Social Enterprise

Adjust your privacy settings after Facebook's dreaded timeline change

If Facebook has dragged you kicking and screaming into the timeline feature, be aware that your old privacy settings won't carry over.

I put it off forever. Every time I logged onto Facebook I saw the ominous message telling me that the timeline feature was on its way. I thought that if I ignored it-if I didn't have eye contact with it or return its calls-maybe it would forget about me and leave me to my linear layout.

But no, last week I got THE message and the jig was up. My timeline was going to change this week whether I liked it or not. I felt like a felon that failed to turn herself in and had to be cuffed and dragged to the big house.

The timeline layout is not appealing to me for many reasons, but I also had to make some privacy tweaks that I'd ALREADY MADE in order for them to carry over.

So back when I said I only wanted friends to have access to my door? Facebook is now kind of saying, "Oh, you still want that?" Yes, my passive-aggressive social app, I still do.

I would recommend that all of you who are concerned about any of your Facebook content becoming public knowledge-particularly those in search of a job-do the same. You don't want the post from that bad day you had two years ago when you said you were going to drink your way through lunch getting into a future employer's hands.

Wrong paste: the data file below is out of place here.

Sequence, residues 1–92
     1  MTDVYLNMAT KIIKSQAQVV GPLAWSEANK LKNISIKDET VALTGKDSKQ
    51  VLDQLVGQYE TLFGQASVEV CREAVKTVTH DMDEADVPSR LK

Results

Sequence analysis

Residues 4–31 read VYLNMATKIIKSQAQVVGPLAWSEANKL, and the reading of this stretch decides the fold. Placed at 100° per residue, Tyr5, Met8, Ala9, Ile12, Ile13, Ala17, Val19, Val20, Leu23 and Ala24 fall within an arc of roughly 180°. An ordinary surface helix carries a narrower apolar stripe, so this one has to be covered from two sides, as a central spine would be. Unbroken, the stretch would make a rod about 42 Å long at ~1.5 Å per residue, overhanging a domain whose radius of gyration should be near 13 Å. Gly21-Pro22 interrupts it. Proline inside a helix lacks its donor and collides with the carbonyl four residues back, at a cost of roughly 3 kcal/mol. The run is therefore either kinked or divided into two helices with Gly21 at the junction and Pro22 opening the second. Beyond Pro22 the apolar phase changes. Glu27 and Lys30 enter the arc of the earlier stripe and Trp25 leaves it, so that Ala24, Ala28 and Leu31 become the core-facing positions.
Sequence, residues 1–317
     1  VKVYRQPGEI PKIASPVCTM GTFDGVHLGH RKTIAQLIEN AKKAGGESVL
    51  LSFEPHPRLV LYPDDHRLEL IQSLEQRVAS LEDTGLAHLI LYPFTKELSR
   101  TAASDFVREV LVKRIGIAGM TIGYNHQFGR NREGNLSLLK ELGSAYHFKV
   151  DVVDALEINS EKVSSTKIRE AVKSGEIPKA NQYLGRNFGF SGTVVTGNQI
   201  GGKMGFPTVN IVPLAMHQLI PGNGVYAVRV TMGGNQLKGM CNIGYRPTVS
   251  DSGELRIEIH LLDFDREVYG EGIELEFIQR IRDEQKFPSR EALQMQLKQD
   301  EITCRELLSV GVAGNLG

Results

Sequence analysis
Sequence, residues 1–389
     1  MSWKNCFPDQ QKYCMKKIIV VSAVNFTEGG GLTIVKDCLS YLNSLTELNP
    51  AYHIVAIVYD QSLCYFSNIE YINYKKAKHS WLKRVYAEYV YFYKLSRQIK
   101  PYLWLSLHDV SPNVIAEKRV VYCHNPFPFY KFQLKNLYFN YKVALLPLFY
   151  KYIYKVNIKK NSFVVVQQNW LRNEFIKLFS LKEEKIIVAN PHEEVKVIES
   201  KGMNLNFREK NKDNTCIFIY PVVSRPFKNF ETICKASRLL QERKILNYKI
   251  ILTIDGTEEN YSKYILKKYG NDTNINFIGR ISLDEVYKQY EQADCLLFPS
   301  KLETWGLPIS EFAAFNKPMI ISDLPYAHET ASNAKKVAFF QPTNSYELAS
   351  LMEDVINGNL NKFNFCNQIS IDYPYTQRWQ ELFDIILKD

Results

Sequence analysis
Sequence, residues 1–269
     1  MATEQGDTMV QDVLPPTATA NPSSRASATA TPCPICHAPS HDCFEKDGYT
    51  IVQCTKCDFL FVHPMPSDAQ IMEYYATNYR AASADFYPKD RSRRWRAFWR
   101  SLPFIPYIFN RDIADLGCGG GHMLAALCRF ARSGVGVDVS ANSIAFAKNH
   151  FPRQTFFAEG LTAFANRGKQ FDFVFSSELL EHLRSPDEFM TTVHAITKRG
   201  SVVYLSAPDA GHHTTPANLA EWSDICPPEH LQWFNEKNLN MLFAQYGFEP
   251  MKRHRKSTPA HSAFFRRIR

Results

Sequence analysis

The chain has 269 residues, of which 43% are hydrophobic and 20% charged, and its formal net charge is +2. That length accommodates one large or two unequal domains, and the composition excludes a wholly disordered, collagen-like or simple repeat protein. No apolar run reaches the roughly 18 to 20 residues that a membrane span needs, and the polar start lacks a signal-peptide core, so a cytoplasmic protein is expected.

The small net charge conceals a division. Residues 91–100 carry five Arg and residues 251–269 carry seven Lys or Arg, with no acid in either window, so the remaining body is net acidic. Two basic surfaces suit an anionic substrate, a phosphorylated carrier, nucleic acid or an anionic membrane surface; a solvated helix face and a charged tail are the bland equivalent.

Here's how to do it: Click Privacy Settings. Scroll down to Limit the Audience for Past Posts, and click Manage Past Post Visibility. You'll then get this ominous warning box:

Click Limit Old Posts. Now, according to this little warning box, since there's a chance that friends of friends you've tagged can still see your stuff, you may have to go in individually to each post and change the setting. That could be pretty time consuming if you've been on Facebook for years and/or post your every single thought or activity. You'll just have to weigh the benefit.

About

Toni Bowers is Managing Editor of TechRepublic and is the award-winning blogger of the Career Management blog. She has edited newsletters, books, and web sites pertaining to software, IT career, and IT management issues.

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